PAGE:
4. Plan Ahead. Make a list ahead of time of what you will and will not post on social media. Thinking this through and consulting before you text could save you and others a lot of heart ache.
5. Use A 24 Minute Rule. When you get the urge to tweet, set a timer or alarm on your phone. If it’s still a good idea after time has passed, go ahead. Or perhaps that Tweet will no longer seem so important.
6. Be An Editor. If you do post something you regret, go back and edit or delete your posts. This is not full proof, but can be much better than doing nothing.
Don’t be fooled by the childhood saying “Stick and stones may break my bones, but names will never hurt me.” It is simply false. Your words are a powerful weapon that can be used for good or bad. Think them through carefully. We have two ears and one mouth for a reason.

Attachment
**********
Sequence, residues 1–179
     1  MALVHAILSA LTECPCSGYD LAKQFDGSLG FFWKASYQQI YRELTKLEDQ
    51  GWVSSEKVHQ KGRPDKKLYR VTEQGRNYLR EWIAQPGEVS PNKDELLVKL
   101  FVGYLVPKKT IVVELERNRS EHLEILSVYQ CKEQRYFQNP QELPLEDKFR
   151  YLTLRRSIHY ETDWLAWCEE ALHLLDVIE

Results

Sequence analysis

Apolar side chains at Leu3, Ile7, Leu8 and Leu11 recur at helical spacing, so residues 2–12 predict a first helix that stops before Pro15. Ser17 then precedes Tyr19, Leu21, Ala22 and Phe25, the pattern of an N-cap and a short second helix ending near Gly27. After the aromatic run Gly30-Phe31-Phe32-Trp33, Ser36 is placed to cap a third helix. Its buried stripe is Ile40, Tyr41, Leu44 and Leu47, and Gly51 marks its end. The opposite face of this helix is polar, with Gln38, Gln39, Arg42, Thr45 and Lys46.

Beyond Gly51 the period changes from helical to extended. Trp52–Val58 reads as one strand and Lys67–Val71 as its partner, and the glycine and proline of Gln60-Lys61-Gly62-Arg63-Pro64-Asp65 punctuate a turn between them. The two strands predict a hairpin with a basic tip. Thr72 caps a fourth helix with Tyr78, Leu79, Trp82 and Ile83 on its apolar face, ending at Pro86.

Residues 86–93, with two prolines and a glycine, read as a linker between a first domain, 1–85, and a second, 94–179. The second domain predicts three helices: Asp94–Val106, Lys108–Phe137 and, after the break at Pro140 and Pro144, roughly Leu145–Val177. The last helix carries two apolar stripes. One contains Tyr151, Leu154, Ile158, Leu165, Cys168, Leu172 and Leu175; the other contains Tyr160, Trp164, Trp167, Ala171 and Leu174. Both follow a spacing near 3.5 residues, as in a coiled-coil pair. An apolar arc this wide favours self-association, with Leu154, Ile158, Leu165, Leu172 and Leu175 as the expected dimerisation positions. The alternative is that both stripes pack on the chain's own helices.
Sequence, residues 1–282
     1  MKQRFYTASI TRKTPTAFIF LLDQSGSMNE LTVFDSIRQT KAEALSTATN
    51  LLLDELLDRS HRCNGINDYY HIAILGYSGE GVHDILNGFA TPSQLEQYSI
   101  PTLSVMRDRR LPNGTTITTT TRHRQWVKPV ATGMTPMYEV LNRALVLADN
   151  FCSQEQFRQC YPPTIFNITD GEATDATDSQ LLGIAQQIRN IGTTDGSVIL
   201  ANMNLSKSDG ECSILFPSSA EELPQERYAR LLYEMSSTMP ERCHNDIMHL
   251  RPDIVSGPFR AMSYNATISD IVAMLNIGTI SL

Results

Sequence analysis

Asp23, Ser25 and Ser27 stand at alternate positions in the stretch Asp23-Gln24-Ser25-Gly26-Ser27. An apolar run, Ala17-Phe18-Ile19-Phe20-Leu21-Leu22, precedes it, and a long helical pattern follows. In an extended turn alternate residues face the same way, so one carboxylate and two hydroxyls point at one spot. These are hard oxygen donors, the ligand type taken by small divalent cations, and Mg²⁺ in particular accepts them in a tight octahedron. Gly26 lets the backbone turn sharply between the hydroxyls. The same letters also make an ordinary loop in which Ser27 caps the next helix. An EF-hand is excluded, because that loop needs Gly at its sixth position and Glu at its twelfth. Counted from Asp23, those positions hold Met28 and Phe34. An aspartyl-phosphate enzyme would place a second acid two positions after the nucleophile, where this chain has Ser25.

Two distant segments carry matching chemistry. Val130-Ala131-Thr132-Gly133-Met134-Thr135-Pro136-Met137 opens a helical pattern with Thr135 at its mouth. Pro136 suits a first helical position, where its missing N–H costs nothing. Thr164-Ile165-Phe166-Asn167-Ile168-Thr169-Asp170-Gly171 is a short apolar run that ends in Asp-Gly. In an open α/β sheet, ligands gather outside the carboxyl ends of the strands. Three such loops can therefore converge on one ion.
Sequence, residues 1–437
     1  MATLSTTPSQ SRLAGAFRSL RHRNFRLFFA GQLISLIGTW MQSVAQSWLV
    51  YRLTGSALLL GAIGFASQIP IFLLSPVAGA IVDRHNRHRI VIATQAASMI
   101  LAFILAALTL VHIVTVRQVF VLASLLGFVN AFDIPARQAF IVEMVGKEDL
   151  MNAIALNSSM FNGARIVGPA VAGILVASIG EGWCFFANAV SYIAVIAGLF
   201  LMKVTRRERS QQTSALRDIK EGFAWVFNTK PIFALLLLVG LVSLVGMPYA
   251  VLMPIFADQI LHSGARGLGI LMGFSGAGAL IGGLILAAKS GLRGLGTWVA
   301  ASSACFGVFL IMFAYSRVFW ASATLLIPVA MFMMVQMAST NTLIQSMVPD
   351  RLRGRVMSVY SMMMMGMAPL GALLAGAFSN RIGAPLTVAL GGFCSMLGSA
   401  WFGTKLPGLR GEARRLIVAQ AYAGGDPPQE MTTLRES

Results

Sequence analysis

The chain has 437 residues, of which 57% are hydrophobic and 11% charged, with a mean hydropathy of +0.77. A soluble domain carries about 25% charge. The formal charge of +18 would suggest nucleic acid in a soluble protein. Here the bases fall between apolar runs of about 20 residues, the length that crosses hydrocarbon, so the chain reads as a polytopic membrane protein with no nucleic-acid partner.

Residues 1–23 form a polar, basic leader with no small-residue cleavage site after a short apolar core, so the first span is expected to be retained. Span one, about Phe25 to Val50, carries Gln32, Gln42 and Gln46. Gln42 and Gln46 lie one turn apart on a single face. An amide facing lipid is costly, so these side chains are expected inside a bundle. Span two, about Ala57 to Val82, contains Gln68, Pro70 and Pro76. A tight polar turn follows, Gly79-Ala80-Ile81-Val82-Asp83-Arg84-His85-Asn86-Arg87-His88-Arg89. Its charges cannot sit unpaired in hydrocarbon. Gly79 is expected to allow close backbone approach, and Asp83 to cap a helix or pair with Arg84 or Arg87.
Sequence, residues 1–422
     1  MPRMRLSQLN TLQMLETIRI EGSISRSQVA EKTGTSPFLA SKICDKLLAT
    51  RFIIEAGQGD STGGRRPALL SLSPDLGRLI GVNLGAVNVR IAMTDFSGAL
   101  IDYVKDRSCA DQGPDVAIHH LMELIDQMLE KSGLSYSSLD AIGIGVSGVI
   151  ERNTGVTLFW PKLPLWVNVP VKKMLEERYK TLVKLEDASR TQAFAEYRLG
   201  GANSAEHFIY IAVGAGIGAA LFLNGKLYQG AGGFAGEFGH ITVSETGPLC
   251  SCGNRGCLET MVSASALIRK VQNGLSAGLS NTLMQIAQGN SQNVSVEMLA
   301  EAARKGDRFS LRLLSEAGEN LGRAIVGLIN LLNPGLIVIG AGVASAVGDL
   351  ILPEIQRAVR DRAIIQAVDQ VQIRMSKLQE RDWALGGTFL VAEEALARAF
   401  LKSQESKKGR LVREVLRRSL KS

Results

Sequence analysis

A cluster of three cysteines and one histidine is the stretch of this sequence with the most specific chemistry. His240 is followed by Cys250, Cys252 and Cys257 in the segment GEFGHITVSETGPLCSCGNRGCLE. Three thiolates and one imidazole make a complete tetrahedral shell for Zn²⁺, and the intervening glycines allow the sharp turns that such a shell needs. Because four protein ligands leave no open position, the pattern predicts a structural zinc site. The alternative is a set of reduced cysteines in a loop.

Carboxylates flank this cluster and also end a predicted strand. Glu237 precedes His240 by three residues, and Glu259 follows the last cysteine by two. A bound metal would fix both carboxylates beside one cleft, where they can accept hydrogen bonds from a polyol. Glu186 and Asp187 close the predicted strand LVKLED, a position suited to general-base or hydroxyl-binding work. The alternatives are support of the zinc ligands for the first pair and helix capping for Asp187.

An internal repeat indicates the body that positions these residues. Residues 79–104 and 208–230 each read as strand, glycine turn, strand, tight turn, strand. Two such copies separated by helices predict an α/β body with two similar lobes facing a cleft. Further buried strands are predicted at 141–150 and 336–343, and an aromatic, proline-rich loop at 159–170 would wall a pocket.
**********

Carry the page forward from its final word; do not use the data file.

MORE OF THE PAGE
What’s your personal social media policy?
One of my favorite bands is Switchfoot and their song “Adding to the Noise” is the inspiration for this blog. When I started it four years ago, there were roughly 200,000 million blogs and I couldn’t imagine why the world would need another one. I even wrote a post “The Last Thing We Need Is Another Blog.” Ultimately this question lead me to the debate between quantity versus quality. A recent Michael Stelzner podcast interview featured Jeff Goins, a successful blogger and author who had several blog failures when he was chasing subscribers (quantity focus) until he started a passion blog (quality focus) that now has over 200,000 subscribers.
Today Technorati indexes over 1.3 billion blogs and the focus on quality content has become more important than ever. For marketers this noise has been creeping up in another social landscape – Facebook. In August of 2013 Facebook revealed that “every time someone visits News Feed there are on average 1,500 potential stories … most people don’t have time to see them all.” By December 2013 Ad Age reported “Facebook Admits Organic Reach Is Falling Short, Urges Marketers to Buy Ads.”